CONCORD, N.H. (AP) - The president of New Hampshire’s Business and Industry Association says that creating new electricity supplies remains the key to lowering electricity prices.
Businesses and homeowners have seen dramatic increases in their electricity bills this winter. Jim Roche says the average price of wholesale power for February came in at about $119 a megawatt-hour, about twice what it was in January. He also said a lack of supply continues to be the driving factor in high electricity prices.
“The independent electric grid operator, ISO New England, has made it clear that until more infrastructure is added, electricity consumers can expect volatile pricing for natural gas and wholesale power,” Roche said. “Our continued lack of infrastructure, retiring power plants and future energy pricing all indicate our energy prices will continue to rise.”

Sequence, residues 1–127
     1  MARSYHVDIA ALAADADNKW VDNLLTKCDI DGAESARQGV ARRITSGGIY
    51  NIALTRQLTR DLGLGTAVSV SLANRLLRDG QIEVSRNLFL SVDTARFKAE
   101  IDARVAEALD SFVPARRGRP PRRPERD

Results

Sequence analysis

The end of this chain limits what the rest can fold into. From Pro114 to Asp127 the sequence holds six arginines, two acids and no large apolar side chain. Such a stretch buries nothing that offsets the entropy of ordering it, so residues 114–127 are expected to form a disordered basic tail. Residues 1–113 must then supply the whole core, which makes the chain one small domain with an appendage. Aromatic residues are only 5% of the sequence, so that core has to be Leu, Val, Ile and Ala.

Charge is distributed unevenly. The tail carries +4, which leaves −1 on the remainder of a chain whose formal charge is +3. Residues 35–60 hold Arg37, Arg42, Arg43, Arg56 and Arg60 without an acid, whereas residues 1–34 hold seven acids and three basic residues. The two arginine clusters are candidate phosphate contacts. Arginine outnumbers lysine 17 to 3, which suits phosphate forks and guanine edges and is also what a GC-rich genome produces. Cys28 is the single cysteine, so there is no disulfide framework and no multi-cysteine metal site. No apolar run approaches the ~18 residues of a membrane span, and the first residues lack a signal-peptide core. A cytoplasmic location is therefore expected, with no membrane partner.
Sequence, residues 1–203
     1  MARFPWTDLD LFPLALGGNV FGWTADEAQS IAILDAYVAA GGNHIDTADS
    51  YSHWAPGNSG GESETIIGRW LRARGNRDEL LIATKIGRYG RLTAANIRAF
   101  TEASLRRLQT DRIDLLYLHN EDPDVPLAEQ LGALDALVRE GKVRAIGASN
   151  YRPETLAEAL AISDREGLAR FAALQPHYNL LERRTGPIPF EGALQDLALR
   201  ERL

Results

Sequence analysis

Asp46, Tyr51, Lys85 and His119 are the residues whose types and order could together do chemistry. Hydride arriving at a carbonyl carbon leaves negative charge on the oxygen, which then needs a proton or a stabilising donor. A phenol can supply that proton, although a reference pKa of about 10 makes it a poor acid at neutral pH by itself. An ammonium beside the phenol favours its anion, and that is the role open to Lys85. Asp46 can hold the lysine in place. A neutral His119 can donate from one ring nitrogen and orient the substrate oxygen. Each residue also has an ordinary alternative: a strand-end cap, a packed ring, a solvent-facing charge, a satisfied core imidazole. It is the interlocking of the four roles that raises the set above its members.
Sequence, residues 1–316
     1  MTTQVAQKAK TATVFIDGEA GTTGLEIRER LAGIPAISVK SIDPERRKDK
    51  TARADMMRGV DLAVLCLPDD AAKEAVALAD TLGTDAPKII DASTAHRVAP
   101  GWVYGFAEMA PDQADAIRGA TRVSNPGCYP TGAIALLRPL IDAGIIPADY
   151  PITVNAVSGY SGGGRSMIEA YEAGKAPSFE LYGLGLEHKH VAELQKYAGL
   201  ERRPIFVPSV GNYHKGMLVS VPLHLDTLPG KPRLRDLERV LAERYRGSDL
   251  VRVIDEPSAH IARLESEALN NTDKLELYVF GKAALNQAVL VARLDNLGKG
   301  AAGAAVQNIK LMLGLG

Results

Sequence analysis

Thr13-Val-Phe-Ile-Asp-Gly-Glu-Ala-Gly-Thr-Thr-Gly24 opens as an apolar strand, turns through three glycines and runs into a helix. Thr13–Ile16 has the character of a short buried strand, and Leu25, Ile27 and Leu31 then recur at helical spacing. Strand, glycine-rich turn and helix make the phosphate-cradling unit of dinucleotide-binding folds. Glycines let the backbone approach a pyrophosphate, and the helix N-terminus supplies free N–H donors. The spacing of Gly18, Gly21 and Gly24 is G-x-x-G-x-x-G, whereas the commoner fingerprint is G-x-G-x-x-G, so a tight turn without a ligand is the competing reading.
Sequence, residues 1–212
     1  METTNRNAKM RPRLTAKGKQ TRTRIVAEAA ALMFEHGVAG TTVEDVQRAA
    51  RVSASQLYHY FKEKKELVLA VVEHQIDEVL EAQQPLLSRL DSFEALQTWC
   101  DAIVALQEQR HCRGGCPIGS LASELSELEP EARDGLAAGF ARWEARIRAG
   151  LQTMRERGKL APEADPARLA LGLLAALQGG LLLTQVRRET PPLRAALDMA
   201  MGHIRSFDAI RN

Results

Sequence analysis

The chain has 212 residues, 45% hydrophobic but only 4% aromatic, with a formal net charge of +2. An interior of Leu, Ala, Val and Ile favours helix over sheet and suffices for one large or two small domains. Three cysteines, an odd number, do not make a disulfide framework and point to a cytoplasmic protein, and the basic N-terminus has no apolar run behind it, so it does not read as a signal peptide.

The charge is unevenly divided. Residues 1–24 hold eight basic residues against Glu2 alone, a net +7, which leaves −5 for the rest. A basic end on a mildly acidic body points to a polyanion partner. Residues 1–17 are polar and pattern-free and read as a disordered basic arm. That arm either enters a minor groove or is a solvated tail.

He says to address price concerns, state legislators and policy makers should focus on encouraging expanded natural gas pipeline capacity and increased electrical transmission into the region, and not implementing new laws that create hurdles to energy supplies entering the New England market.
“Despite our rising electric bills, we are still seeing legislation aimed at creating new energy mandates and new regulatory barriers for energy projects, as well as other efforts that simply make the problem bigger and dig the hole deeper for New Hampshire businesses and other electric and natural gas customers,” Roche said.
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